Now those variations are basically just external forms, and any of them may also present universal or more traditional ideas; it all depends on the surroundings. In essence, the Sufi Tradition is one with the same purpose and intention, in spite of its multiple schools, using different techniques and tools and speaking in all sorts of languages.
So you don’t have to learn Arabic or Persian or Urdu or Turkish in order to walk the Sufi Path, even though some people do.
According to how I was taught by my teachers, the required basic belief as a prerequisite to enter the Sufi way starts with a clear intention and willingness to work on yourself and a whole-hearted interest in the Sufi Tradition and its multifaceted cultures as your chosen way, and above all the belief in an eternal Divine Being (not necessarily in a patriarchal God concept colored by orthodox religion, regardless if that would come from the Temple, Synagogue, Church or the Mosque).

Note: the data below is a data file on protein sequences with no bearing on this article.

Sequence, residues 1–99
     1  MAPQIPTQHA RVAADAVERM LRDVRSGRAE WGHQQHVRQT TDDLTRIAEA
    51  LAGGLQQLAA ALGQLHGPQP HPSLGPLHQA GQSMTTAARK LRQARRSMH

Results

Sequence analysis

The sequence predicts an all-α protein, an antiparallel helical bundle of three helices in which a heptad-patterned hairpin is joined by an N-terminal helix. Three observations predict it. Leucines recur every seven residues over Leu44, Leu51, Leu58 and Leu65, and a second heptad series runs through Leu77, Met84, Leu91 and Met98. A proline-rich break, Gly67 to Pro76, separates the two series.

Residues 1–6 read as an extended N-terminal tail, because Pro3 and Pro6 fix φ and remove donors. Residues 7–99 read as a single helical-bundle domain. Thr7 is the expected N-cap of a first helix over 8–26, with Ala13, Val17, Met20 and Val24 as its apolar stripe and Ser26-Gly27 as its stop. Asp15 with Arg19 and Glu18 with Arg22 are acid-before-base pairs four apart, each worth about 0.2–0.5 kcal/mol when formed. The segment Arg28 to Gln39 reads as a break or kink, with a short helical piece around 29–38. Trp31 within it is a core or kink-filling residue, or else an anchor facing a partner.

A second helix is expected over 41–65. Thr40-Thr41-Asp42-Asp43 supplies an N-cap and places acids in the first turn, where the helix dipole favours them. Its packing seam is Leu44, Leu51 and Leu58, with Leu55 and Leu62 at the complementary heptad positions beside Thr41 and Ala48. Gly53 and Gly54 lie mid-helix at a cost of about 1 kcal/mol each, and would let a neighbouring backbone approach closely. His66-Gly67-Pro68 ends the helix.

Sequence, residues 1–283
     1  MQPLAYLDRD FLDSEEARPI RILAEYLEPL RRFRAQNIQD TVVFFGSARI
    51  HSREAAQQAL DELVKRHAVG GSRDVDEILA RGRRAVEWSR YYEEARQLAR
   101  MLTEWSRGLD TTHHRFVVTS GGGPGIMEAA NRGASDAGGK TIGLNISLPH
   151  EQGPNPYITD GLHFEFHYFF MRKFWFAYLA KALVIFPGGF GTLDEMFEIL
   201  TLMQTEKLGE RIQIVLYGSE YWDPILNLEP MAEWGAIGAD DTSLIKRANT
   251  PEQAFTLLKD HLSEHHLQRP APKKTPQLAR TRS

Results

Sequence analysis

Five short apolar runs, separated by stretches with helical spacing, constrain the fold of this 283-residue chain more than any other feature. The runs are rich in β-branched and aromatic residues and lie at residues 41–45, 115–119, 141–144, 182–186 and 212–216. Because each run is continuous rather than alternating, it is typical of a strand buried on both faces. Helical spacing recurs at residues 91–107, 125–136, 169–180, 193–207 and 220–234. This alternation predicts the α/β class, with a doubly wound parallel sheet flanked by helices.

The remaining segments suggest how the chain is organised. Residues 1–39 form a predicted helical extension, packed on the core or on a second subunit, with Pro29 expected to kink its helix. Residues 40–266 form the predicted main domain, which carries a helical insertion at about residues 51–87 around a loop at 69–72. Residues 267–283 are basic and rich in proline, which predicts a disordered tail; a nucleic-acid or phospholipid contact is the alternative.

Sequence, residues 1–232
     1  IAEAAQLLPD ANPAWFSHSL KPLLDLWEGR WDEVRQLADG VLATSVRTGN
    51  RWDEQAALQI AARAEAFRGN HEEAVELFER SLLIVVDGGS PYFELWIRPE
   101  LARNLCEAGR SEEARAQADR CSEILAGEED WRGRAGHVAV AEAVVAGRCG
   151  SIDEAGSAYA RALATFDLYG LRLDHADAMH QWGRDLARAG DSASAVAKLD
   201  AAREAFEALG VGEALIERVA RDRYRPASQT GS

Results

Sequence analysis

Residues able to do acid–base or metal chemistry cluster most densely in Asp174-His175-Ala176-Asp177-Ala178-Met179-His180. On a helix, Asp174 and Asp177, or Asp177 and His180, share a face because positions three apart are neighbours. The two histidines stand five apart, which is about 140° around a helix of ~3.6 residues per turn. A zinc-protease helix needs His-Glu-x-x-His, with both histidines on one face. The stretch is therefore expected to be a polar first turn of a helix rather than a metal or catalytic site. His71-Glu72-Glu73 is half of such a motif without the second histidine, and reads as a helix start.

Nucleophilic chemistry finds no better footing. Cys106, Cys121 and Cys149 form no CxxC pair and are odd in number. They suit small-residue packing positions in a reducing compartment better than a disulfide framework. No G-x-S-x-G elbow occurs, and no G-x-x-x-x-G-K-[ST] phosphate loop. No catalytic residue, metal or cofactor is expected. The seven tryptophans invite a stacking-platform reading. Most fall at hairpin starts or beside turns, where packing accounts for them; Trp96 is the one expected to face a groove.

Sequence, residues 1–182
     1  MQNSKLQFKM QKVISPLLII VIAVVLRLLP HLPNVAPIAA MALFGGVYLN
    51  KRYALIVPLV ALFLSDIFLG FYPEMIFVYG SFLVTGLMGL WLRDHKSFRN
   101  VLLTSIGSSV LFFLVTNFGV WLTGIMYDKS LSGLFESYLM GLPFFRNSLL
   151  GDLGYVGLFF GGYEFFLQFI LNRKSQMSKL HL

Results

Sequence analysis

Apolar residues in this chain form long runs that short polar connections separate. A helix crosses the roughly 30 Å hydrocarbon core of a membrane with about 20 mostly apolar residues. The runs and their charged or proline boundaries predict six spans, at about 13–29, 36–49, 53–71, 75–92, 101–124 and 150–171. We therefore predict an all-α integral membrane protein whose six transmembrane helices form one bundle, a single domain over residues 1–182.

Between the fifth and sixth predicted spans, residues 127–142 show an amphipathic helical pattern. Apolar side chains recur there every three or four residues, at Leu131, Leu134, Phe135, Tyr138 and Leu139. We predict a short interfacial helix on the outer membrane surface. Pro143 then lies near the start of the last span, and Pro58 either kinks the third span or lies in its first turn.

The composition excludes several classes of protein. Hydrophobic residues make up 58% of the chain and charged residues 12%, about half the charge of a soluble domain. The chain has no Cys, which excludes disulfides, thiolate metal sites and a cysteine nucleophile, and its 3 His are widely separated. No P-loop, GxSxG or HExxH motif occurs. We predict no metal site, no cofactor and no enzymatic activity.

The God concept of the Sufi Tradition is based on the belief in a Supreme Being, the Creator, who is seen at the same time as the Lord, the Friend, and the Beloved.
It is a God who also contains the Divine Masculine, the Divine Feminine, Divine Gender Neutrality, and is at the same time transcendent and immanent, something hard to comprehend when operating from a purely intellectual level.
But when operating from a heart space, which is the seed of the Divine Spark in us all, things indeed do get easier to comprehend, and the door to perceive union begins to open up.